When Chinese e-commerce company Alibaba went public in September 2014, the company's $21.8 billion IPO broke headlines, along with the previous IPO record of $19.2 billion. Four days later, underwriters exercised an option to sell more shares, bringing the total IPO to $25 billion.
Analysts have compared Alibaba to Amazon (AMZN), eBay (EBAY), PayPal (PYPL), and Google (GOOG) — all rolled into one. But the truth is, Alibaba truly has no U.S. counterpart in terms of its domination of the Chinese market (80 percent of all Chinese online retail sales) and its diversity of holdings. With Alibaba's scale and complexity in mind, we have assembled a cheat sheet of the company's major and minor businesses, subsidiaries, and sources of revenue.
Alibaba.com is the company’s original business. The website operates as a trading platform linking Chinese businesses to international businesses that need Chinese inventory or manufacturers. Like Amazon.com, Alibaba.com matches buyers and sellers, but unlike Amazon, the website does not hold inventory or participate in logistics such as sourcing, storage, or shipping. Alibaba.com makes money by receiving a commission from each transaction as well as by charging subscription fees to sellers who maintain storefronts in the marketplace. The site also includes 1688.com, which connects domestic Chinese business, and AliExpress, for smaller international business buyers.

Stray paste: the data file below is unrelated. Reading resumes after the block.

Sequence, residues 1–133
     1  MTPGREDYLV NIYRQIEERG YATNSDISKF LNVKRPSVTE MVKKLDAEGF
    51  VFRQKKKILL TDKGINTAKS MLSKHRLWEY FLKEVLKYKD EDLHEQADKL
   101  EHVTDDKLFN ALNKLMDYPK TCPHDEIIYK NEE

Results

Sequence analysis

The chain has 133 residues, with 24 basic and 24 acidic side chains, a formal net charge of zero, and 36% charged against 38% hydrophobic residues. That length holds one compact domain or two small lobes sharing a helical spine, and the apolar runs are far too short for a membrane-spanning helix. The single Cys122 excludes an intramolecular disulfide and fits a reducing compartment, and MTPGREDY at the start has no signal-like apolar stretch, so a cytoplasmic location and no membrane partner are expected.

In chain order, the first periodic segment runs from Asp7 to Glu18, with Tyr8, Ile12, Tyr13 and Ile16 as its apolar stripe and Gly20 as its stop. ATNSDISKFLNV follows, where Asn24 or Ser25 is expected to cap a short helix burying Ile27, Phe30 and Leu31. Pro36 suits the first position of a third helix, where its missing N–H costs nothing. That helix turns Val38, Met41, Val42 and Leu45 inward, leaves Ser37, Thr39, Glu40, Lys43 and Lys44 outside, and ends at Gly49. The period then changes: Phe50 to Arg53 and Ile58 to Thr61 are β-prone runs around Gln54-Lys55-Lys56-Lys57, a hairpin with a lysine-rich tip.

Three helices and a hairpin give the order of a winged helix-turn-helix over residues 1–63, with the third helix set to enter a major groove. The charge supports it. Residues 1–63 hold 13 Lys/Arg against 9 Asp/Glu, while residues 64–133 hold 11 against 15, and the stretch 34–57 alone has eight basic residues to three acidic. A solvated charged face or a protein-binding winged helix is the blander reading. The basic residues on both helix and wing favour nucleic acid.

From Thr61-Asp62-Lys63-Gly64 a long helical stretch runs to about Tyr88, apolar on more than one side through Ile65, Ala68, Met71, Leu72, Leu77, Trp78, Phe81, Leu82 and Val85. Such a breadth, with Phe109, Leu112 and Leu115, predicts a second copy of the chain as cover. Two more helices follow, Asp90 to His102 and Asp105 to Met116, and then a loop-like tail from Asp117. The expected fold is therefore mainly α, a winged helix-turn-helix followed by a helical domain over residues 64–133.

Taobao is Alibaba Group’s largest business. The company is a consumer-to-consumer marketplace similar to eBay.com. Unlike eBay, however, Taobao does not charge a commission on transactions. Rather, Taobao makes money by selling ads. Merchants can pay to place their products higher in priority, to gain visibility for their products, or to reach more customers through search ads.
Tmall.com spun off from Taobao as a premium business-to-consumer marketplace aimed at the growing Chinese middle class. The website features higher-end, international brands and charges its merchants yearly membership fees.
Although Alibaba Group generates its bulk of revenues from Alibaba.com, Taobao, and Tmall.com, the company is also invested in the following businesses.
- Alipay, an online payment system similar PayPal
- Juhuasuan, a flash sale site similar to Groupon (GRPN)
- Alibaba Cloud Computing
- Aliwangwang, an instant messaging service
- Laiwang, a messaging application competing with Tencent Holdings Limited’s WeChat
- Sina Weibo and Youku Tudou, the Chinese equivalents of Twitter and Youtube, respectively
- Alibaba Pictures, a film business
- Guangzhou Evergrande, one of China's top football teams
- Yu’e Bao, a mutual fund whose name translates to “leftover treasure"